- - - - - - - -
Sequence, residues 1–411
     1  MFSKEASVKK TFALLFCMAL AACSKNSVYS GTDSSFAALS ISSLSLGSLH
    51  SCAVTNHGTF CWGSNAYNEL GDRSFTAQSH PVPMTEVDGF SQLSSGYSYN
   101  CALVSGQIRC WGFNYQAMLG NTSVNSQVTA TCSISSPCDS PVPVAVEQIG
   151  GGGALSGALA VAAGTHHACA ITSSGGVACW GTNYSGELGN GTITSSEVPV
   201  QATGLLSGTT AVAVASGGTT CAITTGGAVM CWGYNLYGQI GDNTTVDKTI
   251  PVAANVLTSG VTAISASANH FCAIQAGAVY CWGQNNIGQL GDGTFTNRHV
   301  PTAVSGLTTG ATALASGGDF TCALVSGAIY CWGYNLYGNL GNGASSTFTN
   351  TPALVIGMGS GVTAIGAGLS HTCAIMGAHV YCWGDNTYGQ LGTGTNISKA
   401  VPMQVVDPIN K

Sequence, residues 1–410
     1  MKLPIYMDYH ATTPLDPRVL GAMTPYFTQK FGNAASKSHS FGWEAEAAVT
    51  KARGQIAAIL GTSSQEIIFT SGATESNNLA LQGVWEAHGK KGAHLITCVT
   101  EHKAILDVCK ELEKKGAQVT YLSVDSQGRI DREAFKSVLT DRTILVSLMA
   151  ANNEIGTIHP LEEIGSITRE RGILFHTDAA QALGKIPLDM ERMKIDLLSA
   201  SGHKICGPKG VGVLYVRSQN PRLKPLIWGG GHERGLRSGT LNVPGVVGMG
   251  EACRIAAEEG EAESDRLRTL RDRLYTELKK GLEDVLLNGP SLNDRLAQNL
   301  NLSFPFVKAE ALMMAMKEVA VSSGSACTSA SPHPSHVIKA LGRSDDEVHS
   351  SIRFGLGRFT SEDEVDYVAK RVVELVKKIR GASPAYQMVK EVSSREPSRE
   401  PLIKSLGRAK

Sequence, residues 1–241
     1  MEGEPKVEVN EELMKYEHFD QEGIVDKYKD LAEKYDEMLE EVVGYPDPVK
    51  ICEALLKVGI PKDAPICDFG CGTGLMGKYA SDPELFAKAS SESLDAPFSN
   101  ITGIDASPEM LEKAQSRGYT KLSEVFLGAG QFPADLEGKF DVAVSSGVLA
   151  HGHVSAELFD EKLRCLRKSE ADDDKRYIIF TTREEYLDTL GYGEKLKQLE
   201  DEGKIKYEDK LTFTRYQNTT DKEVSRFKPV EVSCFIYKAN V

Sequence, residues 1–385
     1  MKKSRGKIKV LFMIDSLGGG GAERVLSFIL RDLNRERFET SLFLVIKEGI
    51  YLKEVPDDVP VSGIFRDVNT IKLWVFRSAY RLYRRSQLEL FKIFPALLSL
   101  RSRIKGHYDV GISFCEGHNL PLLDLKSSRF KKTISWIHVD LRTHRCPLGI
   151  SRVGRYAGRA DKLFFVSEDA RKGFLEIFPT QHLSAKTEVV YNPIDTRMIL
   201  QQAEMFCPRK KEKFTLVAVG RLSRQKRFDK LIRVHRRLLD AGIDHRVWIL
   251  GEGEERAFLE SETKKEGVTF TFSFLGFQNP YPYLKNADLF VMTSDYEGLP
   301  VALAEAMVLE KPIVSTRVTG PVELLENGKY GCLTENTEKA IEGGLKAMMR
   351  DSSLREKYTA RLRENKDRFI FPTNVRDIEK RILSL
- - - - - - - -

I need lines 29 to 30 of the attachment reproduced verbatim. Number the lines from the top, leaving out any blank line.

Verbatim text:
    51  YLKEVPDDVP VSGIFRDVNT IKLWVFRSAY RLYRRSQLEL FKIFPALLSL
   101  RSRIKGHYDV GISFCEGHNL PLLDLKSSRF KKTISWIHVD LRTHRCPLGI